A pack, not a herd.

Grover Norquist lays out the case that America isn’t having a “libertarian moment”, it’s having a libertarian MOVEMENT

“So forget ‘moment.’ Think trend. And consider the once-impossible political shifts that have taken place over the past 30 years. The relevant dividing line is not right versus left or Republican versus Democrat but the expansion of individual liberty versus whatever and whosoever stands in the way.”

I agree. 

With the internet pervading almost every facet of our lives today, we have an unprecedented amount of information on which to base our decisions and make our choices. This explosion of personal empowerment hasn’t been seen since the invention of movable type, and that little gadget brought us Protestantism, democracy and capitalism. 

Not bad.

Of course, it also brought us the Thirty Years War and book bans, so with every blessing comes at least one curse. 

Despite the Democrat’s best efforts, we are also living in a period of broad and deep personal wealth. The poor are doing better than ever before, and while there is still much, much more work to be done, the trend around the world is towards improved economic health on all levels. With that increased economic clout comes the desire for increased political clout as well. It’s no coincidence that Tiananmen Square happened as Chinese citizens gained personal wealth: People with more money have more reasons to resent the government telling them what to do with it.

The world was a scary, unstable place in the 1700’s as parliaments gradually took over from absolute monarchs, and it was scary in late 1800’s as  progressive socialism infested the capitals of the world. We’re passing through the collapsing confines of the liberal nanny state, and if we’re lucky and work hard for it, we’ll end up walking into the bright light of a new day of personal freedom.

“listen: there’s a hell
of a good universe next door; let’s go”

-e e cummings

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September 26th, 2014 by exurbankevin

It’s a good day when Michael Barone agrees with me.

This has been a bugaboo of mine for quite a while now: We are entering into an era of increased personal empowerment unseen since the invention of the printing press. I don’t HAVE to watch the evening news to know what’s going on, I have my podcasts and RSS feeds. I don’t HAVE to limit myself to what’s on the shelves in the local Sears store, I have millions of e-commerce website to chose from. I don’t HAVE rely on a union shop steward to empower myself, I have the soapbox of a blog and the Rolodex of my LinkedIn contacts to help advance my career.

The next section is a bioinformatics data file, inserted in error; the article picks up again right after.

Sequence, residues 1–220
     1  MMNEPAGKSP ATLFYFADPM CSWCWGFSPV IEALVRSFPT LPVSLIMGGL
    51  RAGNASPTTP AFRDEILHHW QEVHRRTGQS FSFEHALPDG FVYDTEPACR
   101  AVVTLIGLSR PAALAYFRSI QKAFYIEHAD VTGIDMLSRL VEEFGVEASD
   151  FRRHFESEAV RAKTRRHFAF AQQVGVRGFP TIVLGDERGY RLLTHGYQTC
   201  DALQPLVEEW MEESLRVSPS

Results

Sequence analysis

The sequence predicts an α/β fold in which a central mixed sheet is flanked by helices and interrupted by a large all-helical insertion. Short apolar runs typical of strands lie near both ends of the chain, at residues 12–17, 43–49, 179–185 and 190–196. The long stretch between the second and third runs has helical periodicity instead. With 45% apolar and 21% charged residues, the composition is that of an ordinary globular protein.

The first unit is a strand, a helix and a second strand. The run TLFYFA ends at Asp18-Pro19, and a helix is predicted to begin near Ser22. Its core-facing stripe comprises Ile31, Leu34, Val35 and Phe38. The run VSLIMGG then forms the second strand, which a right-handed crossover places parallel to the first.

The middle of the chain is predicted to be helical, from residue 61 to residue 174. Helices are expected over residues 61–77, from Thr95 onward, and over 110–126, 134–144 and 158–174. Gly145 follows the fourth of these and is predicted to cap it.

And Michael Barone agrees: Big government and empowering technology do NOT mix

“Large” technology requires the standardization of masses of people, centralized command-and-control, conformity to social norms. Massive work forces and massive armies cannot operate optimally otherwise.

“Small” technology enables individuals to make personal choices, fashion their world to their own dimensions, deploy their own talents and pursue their interests in ways of their own choosing. Standardization yields to customization.

President Obama doesn’t seem to get this. He sees history as a story of progress from minimal government to ever-larger government. He’s only sorry that he hasn’t taken us farther on that track.

But history doesn’t proceed in a straight line; it moves around. “Large” technology made big government seem necessary in 1914. “Small” technology requires something different, something more adaptive today.

The deer now have guns. Obama and the big-government Democrats don’t get that, and now they face extinction.


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September 12th, 2014 by exurbankevin

Creating Christian Media For Men

Or CCMM, for short.

I’ve been rolling around ideas inside of my brain about getting men back into the church, and getting worship services back to being like worship and not like a concert. 

1. Break the Fourth Wall. And the Third Wall. And the Second Wall, too.
I realized what modern church worship really is meant to be, not worship, but rather, the halftime show at the Super Bowl.